Gibson’s theory of affordance, in its adherence to bottom-up direct perception, is antithetical to the top-down inferential models often proposed by modern robotics research purporting to tackle it. Such research assumes internal representation to be sacrosanct, but given current developments, to what extent can this assumption now be reexamined? The recently proposed sensorimotor contingency theory furthers the theoretical argument that internal representation is unnecessary, and its proof-of-concept application in robotics as well as the subsequent explosion in deep learning methodology sheds new light on the possibility of equipping robots with the capacity for directly perceiving their environments by exploiting correlated changes in their sensory inputs triggered by executing specific motor programs. This reexamination of direct perception is only one of several issues warranting scrutiny in current robotic affordance research. The aim of this workshop is therefore twofold.

Firstly, we will provide an overview of the state-of-the-art in affordance research and dissect open research challenges yielded thereof.

Secondly, we will encourage our speakers to debate whether computational models of affordance can potentially be advanced by adopting approaches that are more congruent with Gibson’s original conception of direct perception.

Previous edition

This workshop proposal is a sequel to the 1st edition of the International Workshop on Computational Models of Affordance in Robotics at RSS 2018. The rich and interdisciplinary discussions that took place there call for a second edition. Additionally, as the survey below shows [1], affordances are a topic of high interest in robotics, readily showing that such an interdisciplinary workshop is of high relevance to advance affordance research in robotics.

[1] Philipp Zech, Simon Haller, Safoura Rezapour Lakani, Barry Ridge, Emre Ugur, Justus Piater, Computational models of affordance in robotics: a taxonomy and systematic classification. Adaptive Behavior, 25 (5), pp. 235–271, 2017. SAGE.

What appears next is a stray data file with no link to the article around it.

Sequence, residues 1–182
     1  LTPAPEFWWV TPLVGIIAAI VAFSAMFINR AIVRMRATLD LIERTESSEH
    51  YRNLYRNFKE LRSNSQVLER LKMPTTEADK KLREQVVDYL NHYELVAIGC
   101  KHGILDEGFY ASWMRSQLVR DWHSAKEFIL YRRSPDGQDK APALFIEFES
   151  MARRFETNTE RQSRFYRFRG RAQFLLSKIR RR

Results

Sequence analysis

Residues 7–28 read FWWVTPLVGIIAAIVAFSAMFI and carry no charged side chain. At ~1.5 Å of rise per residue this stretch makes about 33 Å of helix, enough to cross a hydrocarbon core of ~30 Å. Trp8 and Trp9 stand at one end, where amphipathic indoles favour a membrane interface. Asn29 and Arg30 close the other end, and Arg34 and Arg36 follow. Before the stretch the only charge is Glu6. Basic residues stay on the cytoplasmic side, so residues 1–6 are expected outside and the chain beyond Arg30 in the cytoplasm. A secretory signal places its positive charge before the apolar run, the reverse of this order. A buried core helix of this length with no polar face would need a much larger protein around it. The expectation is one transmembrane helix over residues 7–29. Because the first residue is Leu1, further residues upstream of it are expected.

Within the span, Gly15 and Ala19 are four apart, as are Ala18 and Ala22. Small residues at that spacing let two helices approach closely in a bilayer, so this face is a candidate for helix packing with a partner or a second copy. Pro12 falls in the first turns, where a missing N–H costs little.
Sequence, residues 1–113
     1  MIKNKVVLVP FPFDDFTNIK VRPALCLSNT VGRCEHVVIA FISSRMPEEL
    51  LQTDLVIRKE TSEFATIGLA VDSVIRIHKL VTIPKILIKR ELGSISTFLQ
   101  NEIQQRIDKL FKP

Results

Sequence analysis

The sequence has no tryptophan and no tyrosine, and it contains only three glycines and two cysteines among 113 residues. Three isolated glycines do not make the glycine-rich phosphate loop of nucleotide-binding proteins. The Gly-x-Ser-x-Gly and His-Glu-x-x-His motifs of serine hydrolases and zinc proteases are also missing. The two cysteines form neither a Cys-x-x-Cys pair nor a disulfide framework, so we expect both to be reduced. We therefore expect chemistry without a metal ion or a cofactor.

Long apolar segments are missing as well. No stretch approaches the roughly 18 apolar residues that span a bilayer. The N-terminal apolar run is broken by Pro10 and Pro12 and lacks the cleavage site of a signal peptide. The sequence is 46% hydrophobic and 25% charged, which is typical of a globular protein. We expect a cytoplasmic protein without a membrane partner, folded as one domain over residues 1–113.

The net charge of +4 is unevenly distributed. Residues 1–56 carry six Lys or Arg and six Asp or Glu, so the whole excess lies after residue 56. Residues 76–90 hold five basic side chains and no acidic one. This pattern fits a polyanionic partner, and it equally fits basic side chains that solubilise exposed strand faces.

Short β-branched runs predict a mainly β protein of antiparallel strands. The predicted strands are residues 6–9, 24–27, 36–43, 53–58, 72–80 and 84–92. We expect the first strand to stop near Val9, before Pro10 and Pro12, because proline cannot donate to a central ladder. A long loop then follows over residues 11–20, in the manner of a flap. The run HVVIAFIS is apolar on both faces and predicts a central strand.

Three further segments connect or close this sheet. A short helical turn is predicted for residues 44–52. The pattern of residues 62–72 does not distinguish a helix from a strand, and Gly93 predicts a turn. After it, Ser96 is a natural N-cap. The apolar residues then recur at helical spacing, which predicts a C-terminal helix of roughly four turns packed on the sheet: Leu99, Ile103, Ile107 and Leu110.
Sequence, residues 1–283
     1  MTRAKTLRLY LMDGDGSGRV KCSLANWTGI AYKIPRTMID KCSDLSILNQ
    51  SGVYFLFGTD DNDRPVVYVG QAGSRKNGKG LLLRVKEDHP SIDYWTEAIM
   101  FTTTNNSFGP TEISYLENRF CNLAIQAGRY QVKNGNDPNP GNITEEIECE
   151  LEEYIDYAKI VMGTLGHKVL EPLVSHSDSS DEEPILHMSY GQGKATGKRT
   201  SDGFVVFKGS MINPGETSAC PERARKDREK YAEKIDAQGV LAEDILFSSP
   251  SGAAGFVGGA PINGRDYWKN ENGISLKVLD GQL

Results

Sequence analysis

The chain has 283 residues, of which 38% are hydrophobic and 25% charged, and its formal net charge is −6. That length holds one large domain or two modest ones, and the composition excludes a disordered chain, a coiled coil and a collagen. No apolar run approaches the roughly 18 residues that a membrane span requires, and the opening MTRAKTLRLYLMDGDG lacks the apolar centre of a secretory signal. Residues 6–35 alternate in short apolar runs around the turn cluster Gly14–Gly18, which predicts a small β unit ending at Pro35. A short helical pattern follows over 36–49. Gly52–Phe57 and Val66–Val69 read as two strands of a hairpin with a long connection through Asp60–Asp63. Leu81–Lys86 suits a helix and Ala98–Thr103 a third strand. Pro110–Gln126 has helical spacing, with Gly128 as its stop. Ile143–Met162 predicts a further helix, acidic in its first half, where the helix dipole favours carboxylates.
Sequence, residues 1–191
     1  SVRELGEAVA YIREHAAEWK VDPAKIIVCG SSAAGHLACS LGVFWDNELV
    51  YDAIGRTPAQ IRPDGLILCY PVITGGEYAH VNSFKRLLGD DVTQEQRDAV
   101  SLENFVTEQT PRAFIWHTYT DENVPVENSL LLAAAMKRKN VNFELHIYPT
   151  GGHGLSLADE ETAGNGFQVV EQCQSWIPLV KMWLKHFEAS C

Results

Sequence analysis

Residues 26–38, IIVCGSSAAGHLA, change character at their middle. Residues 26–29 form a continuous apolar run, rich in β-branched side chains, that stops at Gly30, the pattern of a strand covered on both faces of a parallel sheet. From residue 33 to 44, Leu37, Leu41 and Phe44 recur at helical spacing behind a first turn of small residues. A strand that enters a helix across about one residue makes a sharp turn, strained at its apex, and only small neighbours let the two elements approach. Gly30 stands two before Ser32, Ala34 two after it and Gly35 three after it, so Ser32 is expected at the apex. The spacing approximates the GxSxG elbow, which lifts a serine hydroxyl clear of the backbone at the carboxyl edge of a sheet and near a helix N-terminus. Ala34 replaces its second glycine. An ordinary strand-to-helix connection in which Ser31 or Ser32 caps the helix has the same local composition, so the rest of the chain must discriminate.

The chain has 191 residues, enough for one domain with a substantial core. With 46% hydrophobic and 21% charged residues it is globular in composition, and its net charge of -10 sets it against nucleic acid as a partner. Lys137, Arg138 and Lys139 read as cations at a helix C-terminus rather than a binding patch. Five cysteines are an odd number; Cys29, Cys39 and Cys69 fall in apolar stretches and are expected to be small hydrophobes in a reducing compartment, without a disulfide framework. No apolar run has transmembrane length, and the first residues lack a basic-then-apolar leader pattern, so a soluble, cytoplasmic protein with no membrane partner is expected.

Call for Contributions

Participants are invited to submit contributions related to the aforementioned topics in one of the following categories:

Submissions must be in PDF following the ICRA style available from

and uploaded via the Microsoft CMT conference management system at

Important dates:

Submission are expected to follow the official ICRA style available at Contributions are to be submitted via Microsoft CMT at

All submissions will be peer-reviewed. Accepted papers will be presented during the workshop in a poster session (A0 portrait format). Outstanding papers will be presented as oral spotlight talks and invited to submit an extended version to a special issue of Frontiers in Neurorobotics on “Computational Models of Affordance for Robotics”, a journal published by Frontiers. The review process for the journal is independent from the review for this workshop.

Special Issue

A Frontiers in NeuroRobotics special issue is being organized in tandem with the workshop. While workshop contributors will be invited to submit extended versions of their workshop papers, general submissions will also be welcome.

The Special Issue page is available here

Invited speakers


You can find here the final schedule for the workshop.

Time Activity
08:45-09:00 Welcome
09:00-09:30 Invited Talk: Claire Michaels
09:30-10:00 Invited Talk: Paul Cisek
10:00-10:30 Coffee break
10:30-11:00 Invited Talk: José Santos-Victor
11:00-11:30 Invited Talk: Tamim Asfour
11:30-12:00 Invited Talk: Yiannis Aloimonos
12:00-12:30  Poster Spotlight
12:30-13:30 Lunch break
13:30-15:00 Poster session & discussions
15:00-15:30 Coffee break
15:30-17:00 Plenary discussion
17:00 Farewell


The accepted papers are listed as follows:

Program Committee


Please check out as well as for detailed information on the workshop’s location. The workshop will be in room 518a.